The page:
Seven Ghost Towns to Explore in America

Whether you believe in the super­nat­ur­al or not, ghost towns in the U.S. pro­vide some inter­est­ing hikes into the past. From the live­ly ghost town of Vir­ginia City in Mon­tana to the colo­nial impres­sions left behind at Dog­town in Mass­a­chu­setts, there is a lot of his­to­ry to explore in America’s ghost towns, and plen­ty of hik­ing trails to take you there.

independence ghost rtownInde­pen­dence Ghost Town, Aspen, Colorado
Gold was report­ed­ly first dis­cov­ered in Inde­pen­dence, Col­orado in 1879, and by 1880, over 300 prospec­tors inhab­it­ed the area. By 1882, Inde­pen­dence was home to over 40 busi­ness­es, three post offices, and over 1,500 peo­ple. Even­tu­al­ly, how­ev­er, the long win­ters and con­tin­u­ing growth of the neigh­bor­ing city of Aspen dis­cour­aged the devel­op­ment of Inde­pen­dence, and short­ly after the boom, the bust was quick to fol­low. Today, Inde­pen­dence isn’t pulling any gold from the ground, but the cen­tu­ry-old struc­tures still draw in inter­est­ed hik­ers and his­to­ri­ans. Dur­ing the sum­mer months, guid­ed tours are avail­able through­out the ghost town, and vis­i­tors are encour­aged to respect the frag­ile space and explore the roads and restored cab­ins on their own.


Lulu Ghost Town, Rocky Moun­tain Nation­al Park, Colorado
Found­ed in 1879 by the lure of sil­ver in them thar hills, the city of Lulu had a quick boom fol­lowed by a slow bust, pro­vid­ing a flour­ish­ing decade right after its devel­op­ment, and com­plete aban­don­ment near­ly a cen­tu­ry lat­er. The Lulu Ghost Town can now be found with­in the bound­aries of Rocky Moun­tain Nation­al Park and can be reached by hik­ers via a 6‑mile hike from the Col­orado Riv­er trail­head. Upon any vis­it, sight­seers at Lulu can expect to see the rem­nants of old cab­ins and oth­er struc­tures, and a faint sense of what life was like in the days of the old west.


Abandoned copper mine Kennecott AlaskaKen­necott Mines, Wran­gler-St. Elias Nation­al Park, Alaska
Con­sid­ered to be one of the best remain­ing exam­ples of ear­ly 20th-cen­tu­ry cop­per min­ing, Wran­gler-St. Elias Nation­al Park pur­chased much of the his­toric Ken­necott Min­ing Town, pre­serv­ing this Nation­al His­toric Land­mark for years to come. Many of the struc­tures of this self-con­tained com­pa­ny town haven’t had reg­u­lar vis­i­tors for over 60 years, and while some of the facades have crum­bled over that time, with each vis­it and hike into it’s not hard to imag­ine the men, women, and fam­i­lies that called this min­ing town home. A great place to start explor­ing the Ken­necott Mines is at the Ken­necott Vis­i­tors Cen­ter, which pro­vides both a cen­tral hub for the sprawl­ing trail sys­tem and resources like guid­ed tours, his­tor­i­cal infor­ma­tion and a lit­tle touch of mod­ern times amongst the days past.


Dog­town, Glouces­ter, Massachusetts
For a look into some of the U.S.’s deep­est his­to­ry, it’s worth tak­ing a vis­it to Dog­town, Mass­a­chu­setts. Orig­i­nal­ly set­tled in 1693, Dog­town was then known as “the Com­mons”, and sup­pos­ed­ly adopt­ed its new moniker after the town’s res­i­dents moved clos­er to the har­bor, leav­ing behind packs of dogs and those who couldn’t afford the reset­tle­ment. How­ev­er the sto­ry goes, today you can see what remains of Dog­town by trail, includ­ing old cel­lar rem­nants and giant boul­ders inscribed with inspi­ra­tional words by depres­sion-era quar­ry work­ers. Map and com­pass skills will help nav­i­gate the worn-down trail lead­ing into Dog­town, and it’s not unlike­ly to see eques­tri­an trail users along the way.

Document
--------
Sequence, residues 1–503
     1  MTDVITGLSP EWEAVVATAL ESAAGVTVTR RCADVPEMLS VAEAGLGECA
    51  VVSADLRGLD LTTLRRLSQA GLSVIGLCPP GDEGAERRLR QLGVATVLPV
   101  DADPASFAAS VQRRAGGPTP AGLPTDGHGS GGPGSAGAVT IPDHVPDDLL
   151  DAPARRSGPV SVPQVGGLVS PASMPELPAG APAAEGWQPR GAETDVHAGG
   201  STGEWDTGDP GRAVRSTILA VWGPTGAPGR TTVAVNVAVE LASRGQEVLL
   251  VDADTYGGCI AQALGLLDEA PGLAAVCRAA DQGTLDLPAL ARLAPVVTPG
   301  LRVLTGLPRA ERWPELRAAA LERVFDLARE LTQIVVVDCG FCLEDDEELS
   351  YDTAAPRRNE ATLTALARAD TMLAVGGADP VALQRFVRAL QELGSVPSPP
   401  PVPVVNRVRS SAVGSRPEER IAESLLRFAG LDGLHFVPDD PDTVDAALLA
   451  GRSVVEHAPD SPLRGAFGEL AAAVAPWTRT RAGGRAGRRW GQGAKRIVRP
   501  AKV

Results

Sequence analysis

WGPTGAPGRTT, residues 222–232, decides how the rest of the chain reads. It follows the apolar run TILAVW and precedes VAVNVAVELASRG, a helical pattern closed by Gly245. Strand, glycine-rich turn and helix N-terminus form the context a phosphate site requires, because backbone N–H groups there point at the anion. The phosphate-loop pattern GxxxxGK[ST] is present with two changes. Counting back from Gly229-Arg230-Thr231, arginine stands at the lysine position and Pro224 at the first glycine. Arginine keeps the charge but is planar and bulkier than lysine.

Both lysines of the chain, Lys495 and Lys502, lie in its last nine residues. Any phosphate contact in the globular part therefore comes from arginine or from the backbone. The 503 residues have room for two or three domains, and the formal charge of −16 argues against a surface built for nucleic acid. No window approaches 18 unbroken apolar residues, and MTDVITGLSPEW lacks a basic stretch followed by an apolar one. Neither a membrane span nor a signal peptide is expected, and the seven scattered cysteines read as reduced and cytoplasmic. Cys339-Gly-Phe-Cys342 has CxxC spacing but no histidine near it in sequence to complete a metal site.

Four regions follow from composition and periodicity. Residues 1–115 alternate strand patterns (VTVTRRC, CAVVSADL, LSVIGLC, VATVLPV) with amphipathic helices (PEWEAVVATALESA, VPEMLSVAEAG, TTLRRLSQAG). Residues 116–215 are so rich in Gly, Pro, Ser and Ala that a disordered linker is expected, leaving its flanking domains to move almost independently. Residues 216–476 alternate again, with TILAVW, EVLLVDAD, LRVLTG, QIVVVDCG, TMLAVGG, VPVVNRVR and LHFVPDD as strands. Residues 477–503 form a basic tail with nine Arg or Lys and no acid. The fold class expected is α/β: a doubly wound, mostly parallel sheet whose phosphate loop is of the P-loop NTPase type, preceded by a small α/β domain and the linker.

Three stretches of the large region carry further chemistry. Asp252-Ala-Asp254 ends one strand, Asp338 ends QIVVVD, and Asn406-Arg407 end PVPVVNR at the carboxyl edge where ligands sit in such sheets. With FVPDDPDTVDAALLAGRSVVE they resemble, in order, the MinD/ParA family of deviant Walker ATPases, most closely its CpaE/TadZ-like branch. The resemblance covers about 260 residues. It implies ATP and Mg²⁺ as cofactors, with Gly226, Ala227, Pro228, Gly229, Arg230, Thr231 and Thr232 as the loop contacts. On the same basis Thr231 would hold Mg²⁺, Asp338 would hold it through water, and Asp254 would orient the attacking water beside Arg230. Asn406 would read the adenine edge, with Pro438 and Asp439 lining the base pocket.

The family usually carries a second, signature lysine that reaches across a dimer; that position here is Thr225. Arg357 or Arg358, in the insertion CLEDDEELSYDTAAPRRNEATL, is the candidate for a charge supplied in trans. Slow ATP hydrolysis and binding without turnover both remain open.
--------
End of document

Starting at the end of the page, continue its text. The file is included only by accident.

Bodie ghost townBod­ie, California
Cur­rent­ly main­tained by the Cal­i­for­nia State Park sys­tem, the aban­doned town of Bod­ie was once quite the oppo­site. Report­ed­ly hav­ing a pop­u­la­tion of 10,000 peo­ple in the late nine­teenth cen­tu­ry, Bod­ie was home to a wide array of old west char­ac­ters includ­ing gun­slingers, shop own­ers, and sure­ly lone strangers rid­ing in on horse­back. In today’s times, Bod­ie can be found not far from Yosemite Nation­al Park just north of Mono Lake, and with­in its arrest­ed state of decay, over 100 struc­tures are wait­ing to be explored. Being des­ig­nat­ed a State His­toric Park, Bod­ie is acces­si­ble to locate and hike around, although no new mod­ern fea­tures exist accord­ing to its his­toric para­me­ters, mean­ing few resources are there to help you if you encounter any trou­ble (or ghosts).


Spokane Black Hills Ghost Town, Custer, South Dakota
Locat­ed just 16 miles north of Custer State Park in the Black Hills of South Dako­ta, Spokane was first found­ed in the late 19th cen­tu­ry to extract gold from the soil. While oth­er min­er­als proved to be more fruit­ful in Spokane, the town quick­ly flour­ished with prospec­tors and fam­i­lies look­ing to tap into the resources. Much like many of the min­ing towns in the west, Spokane’s boom met its bust, and all that remains today are crum­bling struc­tures that bare­ly stand as a tes­ta­ment towards more pros­per­ous times. To access Spokane, users need to locate and tra­verse one mile down a nation­al for­est road, where the remains of Spokane are wait­ing to be explored with caution.


ghost town Virginia City, MontanaVir­ginia City, Montana
Just 20 miles west of Yel­low­stone Nation­al Park, Vir­ginia City of Mon­tana is a self-tout­ed “very much alive ghost town”, and while the ini­tial boom of this once gold min­ing com­mu­ni­ty has long since fad­ed, the aes­thet­ics and tourism of the town sur­vive today. Between the liv­ing his­to­ry char­ac­ters walk­ing in the streets and hik­ing trails that lead into his­tor­i­cal tours, plus mod­ern cui­sine and lodg­ing in rus­tic accom­mo­da­tions, Vir­ginia City and the neigh­bor­ing Neva­da City are a worth­while vaca­tion on their own.